Teachers at the school will be highly trained in academic language therapy, giving them tools to help students with the basic building blocks of learning to read and comprehend. With the unique environment, Dean said students will have a much better starting point in their education and beyond.
“We know that when our kids leave the dyslexia therapy classroom, they don’t leave their dyslexia,” she said.” It carries with them through every single subject.”
In response to community needs, the school applied for a waiver to accept students in kindergarten through second grade instead of just second grade as initially planned.
“It is an optimal gift … to have such a great foundation at the right time in their life, to be getting this intensive opportunity to learn how to read by a trained professional, who understands the nuances of dyslexia, and the way to implement instruction for students with dyslexia,” she said.
According to Dean, the school will add grades in future years through sixth grade and could move into a more permanent campus later on, but such plans still need to be finalized.
The dyslexia experience
In addition to serving the students enrolled in the school, the nonprofit Celebrate Dyslexia continues to focus on spreading awareness and improving service for students with dyslexia across the K-12 educational system.
One way they have done this is through a simulation that shows how difficult reading can be when you have dyslexia. Simera Nichols-Bray, whose daughter Ally has dyslexia, went through the program recently after enrolling her daughter for a spot at the school. She said the experience was heartbreaking.
“Just to sit in those shoes and to imagine how hard it was for her to struggle,” Nichols-Bray said, her voice breaking: “You think it is just reading something with letters backwards, but it’s not. It is like trying to read Chinese.”
Margain also went through the simulation and had a similarly emotional response to how hard of an experience it was. While her children are too old to enroll in the school now, Margain said the concept would have been an “answer to her prayers.”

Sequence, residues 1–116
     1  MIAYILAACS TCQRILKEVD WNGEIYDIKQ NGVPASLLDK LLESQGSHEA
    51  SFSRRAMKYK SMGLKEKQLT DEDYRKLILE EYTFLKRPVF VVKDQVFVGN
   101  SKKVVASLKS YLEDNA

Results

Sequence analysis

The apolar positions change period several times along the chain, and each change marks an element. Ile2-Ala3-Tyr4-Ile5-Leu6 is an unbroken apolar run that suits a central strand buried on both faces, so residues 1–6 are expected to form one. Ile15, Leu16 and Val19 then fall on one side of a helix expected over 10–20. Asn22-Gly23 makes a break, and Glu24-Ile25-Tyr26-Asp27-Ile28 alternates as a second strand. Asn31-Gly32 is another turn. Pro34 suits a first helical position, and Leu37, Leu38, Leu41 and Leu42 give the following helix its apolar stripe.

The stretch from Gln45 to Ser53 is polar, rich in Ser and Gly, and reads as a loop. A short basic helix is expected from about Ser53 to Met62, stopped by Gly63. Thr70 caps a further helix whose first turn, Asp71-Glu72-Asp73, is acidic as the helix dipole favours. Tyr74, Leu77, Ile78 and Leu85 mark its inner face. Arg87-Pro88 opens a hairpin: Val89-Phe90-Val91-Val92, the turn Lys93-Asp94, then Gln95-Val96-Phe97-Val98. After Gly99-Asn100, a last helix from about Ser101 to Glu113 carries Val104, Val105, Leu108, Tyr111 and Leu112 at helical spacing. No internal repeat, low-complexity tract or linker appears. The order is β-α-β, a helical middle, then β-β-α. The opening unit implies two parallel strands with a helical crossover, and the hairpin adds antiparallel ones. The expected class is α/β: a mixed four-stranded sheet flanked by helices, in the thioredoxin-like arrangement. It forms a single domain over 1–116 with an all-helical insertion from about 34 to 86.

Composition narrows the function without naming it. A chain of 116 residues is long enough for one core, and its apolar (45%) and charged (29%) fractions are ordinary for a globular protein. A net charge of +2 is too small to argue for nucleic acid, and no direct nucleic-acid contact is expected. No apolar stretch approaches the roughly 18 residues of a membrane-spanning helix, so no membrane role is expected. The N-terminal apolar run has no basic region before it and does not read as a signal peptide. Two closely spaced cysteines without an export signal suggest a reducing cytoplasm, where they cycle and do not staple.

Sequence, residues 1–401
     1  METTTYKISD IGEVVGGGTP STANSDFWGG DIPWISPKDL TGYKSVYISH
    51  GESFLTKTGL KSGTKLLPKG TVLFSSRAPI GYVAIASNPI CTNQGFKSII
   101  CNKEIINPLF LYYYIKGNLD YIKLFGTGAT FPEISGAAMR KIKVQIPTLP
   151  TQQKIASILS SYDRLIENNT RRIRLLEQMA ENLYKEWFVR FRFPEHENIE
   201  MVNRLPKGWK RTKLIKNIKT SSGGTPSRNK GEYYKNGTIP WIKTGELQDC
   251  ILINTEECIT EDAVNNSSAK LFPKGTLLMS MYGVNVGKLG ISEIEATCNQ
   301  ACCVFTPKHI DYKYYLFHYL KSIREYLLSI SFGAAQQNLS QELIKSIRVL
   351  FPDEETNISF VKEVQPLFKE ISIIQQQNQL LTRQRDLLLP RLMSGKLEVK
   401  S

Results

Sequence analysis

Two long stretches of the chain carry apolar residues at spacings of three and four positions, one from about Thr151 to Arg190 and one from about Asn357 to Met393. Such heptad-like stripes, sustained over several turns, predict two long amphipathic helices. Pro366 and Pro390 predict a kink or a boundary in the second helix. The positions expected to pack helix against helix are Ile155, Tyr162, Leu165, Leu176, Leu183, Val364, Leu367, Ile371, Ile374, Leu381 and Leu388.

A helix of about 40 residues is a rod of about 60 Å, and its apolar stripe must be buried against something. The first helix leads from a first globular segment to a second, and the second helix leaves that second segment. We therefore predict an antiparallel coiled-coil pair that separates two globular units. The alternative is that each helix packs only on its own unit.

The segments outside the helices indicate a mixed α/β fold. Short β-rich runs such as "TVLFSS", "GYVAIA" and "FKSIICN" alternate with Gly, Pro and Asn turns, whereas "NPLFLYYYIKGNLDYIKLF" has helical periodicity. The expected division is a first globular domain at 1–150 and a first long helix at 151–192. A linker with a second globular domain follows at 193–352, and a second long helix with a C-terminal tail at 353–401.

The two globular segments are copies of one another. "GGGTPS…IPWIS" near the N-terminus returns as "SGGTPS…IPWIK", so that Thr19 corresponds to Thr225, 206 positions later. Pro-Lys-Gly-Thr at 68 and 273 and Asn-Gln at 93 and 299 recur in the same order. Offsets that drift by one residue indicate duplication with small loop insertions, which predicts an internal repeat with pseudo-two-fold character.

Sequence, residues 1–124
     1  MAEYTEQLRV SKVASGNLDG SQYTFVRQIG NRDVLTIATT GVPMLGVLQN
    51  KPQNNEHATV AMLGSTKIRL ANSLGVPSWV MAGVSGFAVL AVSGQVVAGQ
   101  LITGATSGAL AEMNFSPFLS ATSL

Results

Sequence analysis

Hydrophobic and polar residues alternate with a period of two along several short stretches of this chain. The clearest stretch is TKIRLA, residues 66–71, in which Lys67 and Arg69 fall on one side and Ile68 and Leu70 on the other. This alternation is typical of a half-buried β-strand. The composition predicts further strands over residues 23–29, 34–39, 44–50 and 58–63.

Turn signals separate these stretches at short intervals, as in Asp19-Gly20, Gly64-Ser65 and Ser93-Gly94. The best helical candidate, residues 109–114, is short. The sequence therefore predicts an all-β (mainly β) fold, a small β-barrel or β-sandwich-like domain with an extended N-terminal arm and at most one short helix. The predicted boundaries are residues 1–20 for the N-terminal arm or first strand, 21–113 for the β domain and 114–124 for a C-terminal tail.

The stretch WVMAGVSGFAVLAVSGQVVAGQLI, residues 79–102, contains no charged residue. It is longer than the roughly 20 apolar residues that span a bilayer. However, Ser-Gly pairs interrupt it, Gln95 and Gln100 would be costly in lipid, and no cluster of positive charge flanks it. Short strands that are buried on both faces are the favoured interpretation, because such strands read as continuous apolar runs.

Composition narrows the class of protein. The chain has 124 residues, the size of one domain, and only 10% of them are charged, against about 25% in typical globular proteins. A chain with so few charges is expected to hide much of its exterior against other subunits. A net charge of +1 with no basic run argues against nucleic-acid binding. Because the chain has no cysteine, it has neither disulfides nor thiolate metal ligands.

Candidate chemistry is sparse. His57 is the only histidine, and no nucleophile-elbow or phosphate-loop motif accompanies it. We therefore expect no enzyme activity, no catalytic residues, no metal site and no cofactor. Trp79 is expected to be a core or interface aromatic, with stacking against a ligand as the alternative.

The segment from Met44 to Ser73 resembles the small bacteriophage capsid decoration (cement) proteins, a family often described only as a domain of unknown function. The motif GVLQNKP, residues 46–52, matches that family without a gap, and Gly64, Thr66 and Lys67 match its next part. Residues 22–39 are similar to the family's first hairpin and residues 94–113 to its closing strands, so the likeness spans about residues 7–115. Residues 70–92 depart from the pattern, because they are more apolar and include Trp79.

The organization also provides a parent academy, which breaks down the Dyslexia Handbook, a state-published handbook that details the ins and outs of navigating education with dyslexia.
While the school is a starting place for many students, Dean said she hopes it sparks broader momentum in shifting the way reading is taught.
A dent in the reading problem
While only 112 students will be participating in the program starting next fall, countless students across the San Antonio region are likely struggling with reading disorders and are not receiving the support they need.
In the charter application accepted last year by the Texas Education Agency, Celebrate Dyslexia cited research that shows that as many as one in five students have dyslexia.
According to the same application, only 4.5% of students in Education Service Center Region 20, which includes San Antonio, have been diagnosed officially with the condition.
Since reading is the key to unlock learning in almost every other subject, this trend is troubling to advocates and teachers. Those statistics could account, in part, for the low reading scores that have appeared in standardized test scores for the region in recent years.
To help amplify the impact of the school, the charter will partner with UTSA to help inform the next generation of teachers on how to spot the signs of dyslexia and better understand how children learn to read.
UTSA student teachers will have an opportunity to complete clinical learning at the school as part of the partnership with more possibilities being explored, according to Claudia Treviño García, an associate professor in the bicultural-bilingual studies department and board member for the new school.
Nichols-Bray, who is also in the process of seeking a diagnosis for her other child, said that even if she doesn’t secure a spot at the school through the lottery, she has found a support system through the organization and is hopeful for the future of dyslexia education in San Antonio.
“How can we just have this now, when it is one in five?” she said. “But I am feeling incredibly blessed that it has come here and it has come now.”